The news that is currently reaching us from Syria and Turkey is devastating. The number of victims is revised upwards almost every hour. As of this writing, there are already over 20,000 deaths reported. The images are even worse, such as the photos of rescuers recovering bleeding and distressed infants from the rubble. And perhaps worst of all, imagining people still lying beneath the ruins calling for help while their loved ones try to reach them with their bare hands.
With the pictures and the news, human suffering reaches us unfiltered. What is happening there is beyond imagination.
Many people worldwide want to help and are looking for ways to support the rescue work through donations.
Experience shows that acute disasters accompanied by heartbreaking images trigger a desire to help in many people. In countries around the world, this can lead to enormous amounts of donations.
However, a very high volume of donations triggered by an acute disaster can sometimes lead to individual organisations receiving more money and supplies than they can reasonably process.
The horrific earthquake in Haiti in 2010 is an example of this. The overwhelming global support response meant that billions of aid funds had to be spent in Haiti, even when there were no longer any meaningful uses for the money. These organisations are often legally obliged to use the donations for the purpose defined by the donor — even if it no longer brings the recipients value.
At the same time as events such as those currently occurring in Turkey and Syria, other “silent” catastrophes are taking place worldwide. Unlike earthquakes, they do not suddenly appear — they have always been there. They rarely feature in international reporting because the newsworthy angle is missing and there is a lack of powerful images that capture attention.
One of these silent catastrophes is the young children dying daily from preventable diseases. More than 1,300 children die every day from malaria alone, which can be prevented by providing simple interventions like mosquito nets. These deaths are like an earthquake occurring every day. And because this suffering goes largely unnoticed by the world, donations in fields like this are low — even though the life of a child can be saved here with just a few thousand dollars, and many more children can be saved from pain and suffering.
But you can also look at it differently: Precisely because the high infant mortality rate from malaria is not the subject of ongoing reporting and the amount of donations is low, an individual can achieve a great deal here with their donation.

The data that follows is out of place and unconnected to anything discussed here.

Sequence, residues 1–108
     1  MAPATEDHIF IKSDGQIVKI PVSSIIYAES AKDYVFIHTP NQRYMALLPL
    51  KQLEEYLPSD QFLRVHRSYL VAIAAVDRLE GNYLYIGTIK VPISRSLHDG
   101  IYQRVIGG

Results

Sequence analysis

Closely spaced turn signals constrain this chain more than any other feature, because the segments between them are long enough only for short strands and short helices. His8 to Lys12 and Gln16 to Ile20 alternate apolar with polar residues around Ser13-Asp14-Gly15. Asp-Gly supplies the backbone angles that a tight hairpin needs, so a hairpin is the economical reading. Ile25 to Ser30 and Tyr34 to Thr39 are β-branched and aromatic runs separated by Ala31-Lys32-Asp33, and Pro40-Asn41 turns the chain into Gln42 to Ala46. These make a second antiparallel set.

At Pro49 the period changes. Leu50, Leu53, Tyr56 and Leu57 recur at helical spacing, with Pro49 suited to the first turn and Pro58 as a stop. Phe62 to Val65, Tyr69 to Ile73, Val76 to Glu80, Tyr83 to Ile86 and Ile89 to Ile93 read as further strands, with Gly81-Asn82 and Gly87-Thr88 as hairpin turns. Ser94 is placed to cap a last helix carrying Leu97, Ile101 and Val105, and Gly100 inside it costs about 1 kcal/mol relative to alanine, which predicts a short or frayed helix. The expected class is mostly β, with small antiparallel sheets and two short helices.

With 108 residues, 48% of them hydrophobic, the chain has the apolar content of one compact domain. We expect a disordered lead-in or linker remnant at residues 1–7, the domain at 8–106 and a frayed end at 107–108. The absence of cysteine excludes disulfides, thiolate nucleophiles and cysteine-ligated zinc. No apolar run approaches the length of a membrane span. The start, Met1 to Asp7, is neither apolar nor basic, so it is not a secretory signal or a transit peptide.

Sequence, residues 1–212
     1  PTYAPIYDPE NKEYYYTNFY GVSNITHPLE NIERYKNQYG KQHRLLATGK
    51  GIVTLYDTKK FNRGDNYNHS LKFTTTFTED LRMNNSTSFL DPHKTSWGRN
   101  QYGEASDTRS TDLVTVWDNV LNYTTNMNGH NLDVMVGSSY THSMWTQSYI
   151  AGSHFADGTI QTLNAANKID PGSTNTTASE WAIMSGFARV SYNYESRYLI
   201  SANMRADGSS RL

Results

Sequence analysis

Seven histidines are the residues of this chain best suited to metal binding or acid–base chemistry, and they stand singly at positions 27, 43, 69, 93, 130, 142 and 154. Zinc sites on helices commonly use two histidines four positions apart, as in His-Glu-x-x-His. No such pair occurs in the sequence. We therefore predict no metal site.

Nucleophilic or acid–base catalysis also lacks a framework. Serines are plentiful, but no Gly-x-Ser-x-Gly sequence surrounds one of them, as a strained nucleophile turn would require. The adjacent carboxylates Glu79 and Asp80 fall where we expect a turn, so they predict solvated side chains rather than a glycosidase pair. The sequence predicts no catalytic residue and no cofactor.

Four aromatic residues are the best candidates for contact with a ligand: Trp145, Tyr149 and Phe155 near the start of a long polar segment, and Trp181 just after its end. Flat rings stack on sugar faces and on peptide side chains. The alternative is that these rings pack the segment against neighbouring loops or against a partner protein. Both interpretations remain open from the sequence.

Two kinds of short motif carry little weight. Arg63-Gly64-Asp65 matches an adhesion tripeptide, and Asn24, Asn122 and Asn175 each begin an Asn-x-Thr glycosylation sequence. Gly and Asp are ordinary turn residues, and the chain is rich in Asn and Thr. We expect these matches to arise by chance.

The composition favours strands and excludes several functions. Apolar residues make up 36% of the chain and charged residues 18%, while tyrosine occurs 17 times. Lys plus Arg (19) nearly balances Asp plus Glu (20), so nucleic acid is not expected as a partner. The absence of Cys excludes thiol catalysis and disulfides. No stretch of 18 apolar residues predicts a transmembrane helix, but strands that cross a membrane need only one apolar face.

This is why Giving What We Can continue to recommend their top-rated charities, even in light of current disasters. The brutal and heartbreaking truth is that we do not have enough resources to help everyone. We believe individuals are likely to do more good by donating to these ongoing “silent” catastrophes.
Understandably, we strongly desire to contribute to acute crises, even when it is not where the money could make the most significant difference.
If you choose to donate to the situation in Turkey and Syria, here are some general tips to ensure your money goes the furthest.
Before donating your money to a charity, you should research to ensure they are running a well-coordinated effort with a professional approach and experience. If you can’t find an independent third-party evaluation, consider donating to a charity with better evidence supporting its work.
Act with consideration instead of making a quick decision. Rather than donating to the organisations that reach you quickly through outreach, take the time to find organisations with a high level of competence and the most significant potential to make a difference with your contributions.
Crises that receive a lot of attention can lead to an abundance of charitable giving, which can mean that money is not the limiting factor in how much help can be given (instead there might be other operational factors). If you don’t earmark your gift for a specific disaster, the organisation can choose where your money can make the most significant difference. Experience shows that money is sometimes left unused (as in Haiti in 2010).
Ensure that your gift will be used effectively by reviewing how the organisation reports its efforts and results.
Added 15 Feb 2022: Our friends at EA Turkey have compiled a list of local organisations that may be well placed to help during the current disaster. These organisations have not been looked into for their effectiveness but we are sharing this list as potential organisations to look into if you did want to support the recovery efforts.
Thank you to Stefan Shaw and Louise Kihlberg for authoring this post.
Stefan Shaw is the Founder and Head of Philanthropy at Effektiv Spenden.
Louise Kihlberg works with communications for Ge Effektivt in Sweden.